There was a time when a new child wouldn’t impact an existing child support order. The thinking was that your primary obligation was to the children from your previous relationship. But that theory has gradually changed over time, and now many states, including Utah, acknowledge that a parent’s income should benefit all of his or her children. Under Utah law, a parent’s duty to support new children is something a court should look at to determine whether there’s been a substantial change in circumstances. Additionally, a Utah case says that it’s proper for a court to take into account a parent’s obligation to a “new family” when reviewing a child support modification application. Be clear, however, that supporting a new child doesn’t relieve you of your obligations to your children from a prior relationship. But having a new child is a legitimate argument to make when seeking a support modification.

What Can Happen to Me if I Remarry Before Getting a Divorce?

If you remarry another person before your divorce to your current spouse is final, this is considered bigamy. Committing bigamy in the United States is against the law in every state, and those who engage in it can be subject to both criminal and civil penalties. Civil law treats this concept somewhat differently than criminal law. Because your second marriage is illegal, it is considered void because it legally cannot exist. A void marriage can be annulled in every state.

The Basics of Bigamy

Bigamy occurs when one person is married to two people legally simultaneously. It can be intentional, where a married person intentionally enters into a second marriage with someone else. Or it can be unintentional, in the case of an attempted divorce that was never legally finalized. It is important to note that, if you are married to two people, and one or both of them know that you are engaging in bigamy but fail to take steps to end the marriage, and then they are also legally liable. There are a couple of defenses against bigamy, such as if a previous spouse’s whereabouts have been unknown for a substantial period of time and it is reasonable to believe they may have passed away. Or if there was a good faith effort to file for dissolution of marriage but the party representing your spouse did not follow through and file the paperwork.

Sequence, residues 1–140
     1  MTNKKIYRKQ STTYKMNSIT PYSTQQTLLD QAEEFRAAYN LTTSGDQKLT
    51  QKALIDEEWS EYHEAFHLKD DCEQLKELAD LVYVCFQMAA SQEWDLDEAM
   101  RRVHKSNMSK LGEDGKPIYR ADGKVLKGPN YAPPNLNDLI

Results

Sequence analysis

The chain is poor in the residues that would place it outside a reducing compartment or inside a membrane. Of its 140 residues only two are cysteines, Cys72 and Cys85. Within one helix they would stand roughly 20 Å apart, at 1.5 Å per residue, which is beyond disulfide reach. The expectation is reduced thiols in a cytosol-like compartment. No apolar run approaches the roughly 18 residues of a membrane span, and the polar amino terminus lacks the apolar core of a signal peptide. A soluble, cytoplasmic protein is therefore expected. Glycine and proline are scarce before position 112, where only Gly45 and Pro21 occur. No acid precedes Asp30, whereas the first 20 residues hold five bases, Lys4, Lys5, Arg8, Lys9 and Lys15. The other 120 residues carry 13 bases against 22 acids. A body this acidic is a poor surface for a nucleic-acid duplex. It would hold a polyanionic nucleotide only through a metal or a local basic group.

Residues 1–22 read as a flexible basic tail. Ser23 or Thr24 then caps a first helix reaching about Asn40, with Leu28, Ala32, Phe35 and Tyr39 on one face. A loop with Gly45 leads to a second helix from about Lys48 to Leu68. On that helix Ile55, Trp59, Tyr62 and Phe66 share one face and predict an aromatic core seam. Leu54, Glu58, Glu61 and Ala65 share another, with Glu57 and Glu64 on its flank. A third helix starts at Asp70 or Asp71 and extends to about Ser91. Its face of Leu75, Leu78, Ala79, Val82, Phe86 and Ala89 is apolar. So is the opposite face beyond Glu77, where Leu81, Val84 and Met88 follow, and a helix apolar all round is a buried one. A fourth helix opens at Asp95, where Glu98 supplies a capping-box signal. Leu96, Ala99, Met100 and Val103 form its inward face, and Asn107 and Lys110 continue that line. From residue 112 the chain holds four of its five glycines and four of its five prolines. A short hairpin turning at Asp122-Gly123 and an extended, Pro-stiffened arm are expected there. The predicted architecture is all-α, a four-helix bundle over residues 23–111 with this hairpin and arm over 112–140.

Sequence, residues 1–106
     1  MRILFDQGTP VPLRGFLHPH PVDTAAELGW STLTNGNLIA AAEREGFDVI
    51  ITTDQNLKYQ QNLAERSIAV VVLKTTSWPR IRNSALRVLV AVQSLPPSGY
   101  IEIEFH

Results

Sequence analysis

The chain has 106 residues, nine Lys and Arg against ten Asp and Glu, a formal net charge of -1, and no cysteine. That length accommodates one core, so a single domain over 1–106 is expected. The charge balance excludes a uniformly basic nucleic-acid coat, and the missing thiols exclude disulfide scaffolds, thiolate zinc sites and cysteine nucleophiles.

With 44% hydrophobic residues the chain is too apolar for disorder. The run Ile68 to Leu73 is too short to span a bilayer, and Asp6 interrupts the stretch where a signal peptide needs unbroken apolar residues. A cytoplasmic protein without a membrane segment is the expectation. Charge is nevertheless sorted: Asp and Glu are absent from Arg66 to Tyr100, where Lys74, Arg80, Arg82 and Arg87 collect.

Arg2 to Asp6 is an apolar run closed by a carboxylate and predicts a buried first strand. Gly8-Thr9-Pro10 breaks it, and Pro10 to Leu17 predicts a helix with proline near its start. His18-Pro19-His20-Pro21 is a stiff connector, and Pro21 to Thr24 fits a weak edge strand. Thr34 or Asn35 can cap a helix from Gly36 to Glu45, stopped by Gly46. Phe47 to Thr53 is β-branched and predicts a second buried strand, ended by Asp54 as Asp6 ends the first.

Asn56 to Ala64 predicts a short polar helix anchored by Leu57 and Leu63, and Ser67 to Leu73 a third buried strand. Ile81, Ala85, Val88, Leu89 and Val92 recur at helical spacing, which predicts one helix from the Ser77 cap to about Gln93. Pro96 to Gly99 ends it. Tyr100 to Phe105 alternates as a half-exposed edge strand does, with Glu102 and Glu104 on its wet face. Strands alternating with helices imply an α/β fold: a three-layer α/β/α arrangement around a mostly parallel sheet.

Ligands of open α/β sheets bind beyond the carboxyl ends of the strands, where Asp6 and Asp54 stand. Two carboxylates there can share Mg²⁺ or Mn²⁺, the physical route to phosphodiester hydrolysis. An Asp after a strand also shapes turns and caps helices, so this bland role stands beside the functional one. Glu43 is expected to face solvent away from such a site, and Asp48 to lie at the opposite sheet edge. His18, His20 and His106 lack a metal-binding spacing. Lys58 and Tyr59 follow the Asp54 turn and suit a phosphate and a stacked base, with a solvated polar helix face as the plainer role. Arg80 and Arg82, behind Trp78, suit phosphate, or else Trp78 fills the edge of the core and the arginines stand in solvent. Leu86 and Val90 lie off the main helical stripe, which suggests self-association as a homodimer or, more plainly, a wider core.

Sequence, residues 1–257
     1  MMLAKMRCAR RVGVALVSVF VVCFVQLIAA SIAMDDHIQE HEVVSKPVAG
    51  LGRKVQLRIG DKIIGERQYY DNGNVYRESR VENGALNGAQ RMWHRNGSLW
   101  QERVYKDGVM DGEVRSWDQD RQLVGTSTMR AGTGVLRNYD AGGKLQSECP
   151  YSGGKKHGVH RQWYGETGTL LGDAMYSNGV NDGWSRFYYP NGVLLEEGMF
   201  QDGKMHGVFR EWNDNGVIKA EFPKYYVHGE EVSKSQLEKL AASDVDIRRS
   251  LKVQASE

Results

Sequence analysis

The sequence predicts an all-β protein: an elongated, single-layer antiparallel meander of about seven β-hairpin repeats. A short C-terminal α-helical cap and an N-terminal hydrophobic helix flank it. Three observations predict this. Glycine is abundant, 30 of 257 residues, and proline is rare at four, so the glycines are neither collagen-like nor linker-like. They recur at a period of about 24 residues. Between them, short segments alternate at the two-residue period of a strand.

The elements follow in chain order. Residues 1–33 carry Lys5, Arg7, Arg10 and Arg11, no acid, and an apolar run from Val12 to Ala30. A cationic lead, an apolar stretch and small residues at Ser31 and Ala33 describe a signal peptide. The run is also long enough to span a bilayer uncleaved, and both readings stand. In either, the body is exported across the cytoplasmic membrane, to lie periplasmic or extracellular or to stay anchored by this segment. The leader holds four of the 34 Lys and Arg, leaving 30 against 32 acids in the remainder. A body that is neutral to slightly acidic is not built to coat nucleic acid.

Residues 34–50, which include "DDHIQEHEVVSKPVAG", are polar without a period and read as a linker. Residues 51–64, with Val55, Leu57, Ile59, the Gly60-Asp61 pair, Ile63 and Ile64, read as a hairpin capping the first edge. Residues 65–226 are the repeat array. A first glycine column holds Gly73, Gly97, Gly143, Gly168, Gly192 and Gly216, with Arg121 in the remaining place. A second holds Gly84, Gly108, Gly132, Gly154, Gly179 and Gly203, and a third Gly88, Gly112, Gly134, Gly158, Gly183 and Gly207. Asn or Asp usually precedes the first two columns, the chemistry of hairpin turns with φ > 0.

Criminal Penalties for Bigamy

Each state has its own laws and penalties for dealing with bigamy. Criminal penalties can include jail time ranging from months to years, or fines ranging from hundreds to thousands of dollars. Bigamy is currently a third-degree felony in Utah, punishable by up to five years in prison and up to a $5,000 fine. A new bill would change it to an infraction. New legislation introduced in the Senate would change the offense of bigamy, when two people marry while at least one of them is already legally married, from a felony to an infraction. Making it an infraction would put it on par with getting a traffic ticket. If your spouse was aware of your other marriage, they can also face those same charges. Spouses who knowingly maintain a bigamous marriage may receive a somewhat lighter penalty. Polygamy has been practiced in Utah by certain religious groups since before it became a state and continues to persist to this day. Though the practice has long been illegal under state and federal law, the Utah attorney general’s office has declined to prosecute the offense of bigamy except when it’s committed along with other crimes.

Bigamy in Civil Court

A bigamous marriage is considered “void” in most states. A void marriage is one that was never legal in the first place, so it qualifies for an annulment. An annulment essentially cancels a marriage and declares that it never technically existed in the first place. In order to annul a void marriage, you or your second spouse must petition the court for an annulment and prove one of the specific grounds that establish your marriage is void. In the case of bigamy, proof that your first marriage was valid at the time of your second marriage would be sufficient. Once you have annulled your second marriage, it is unlikely you would risk criminal prosecution. If you want to remarry but are unsure of whether you are still legally married to someone else, it is a good idea to be certain before moving forward with the subsequent marriage or else you risk certain penalties depending on your state.

Utah Divorce Attorney

When you need legal help with a Utah Divorce, please call Ascent Law LLC for your free consultation (801) 676-5506. We want to help you.

Michael R. Anderson, JD

Ascent Law LLC
8833 S. Redwood Road, Suite C
West Jordan, Utah
84088 United States
Telephone: (801) 676-5506
Ascent Law LLC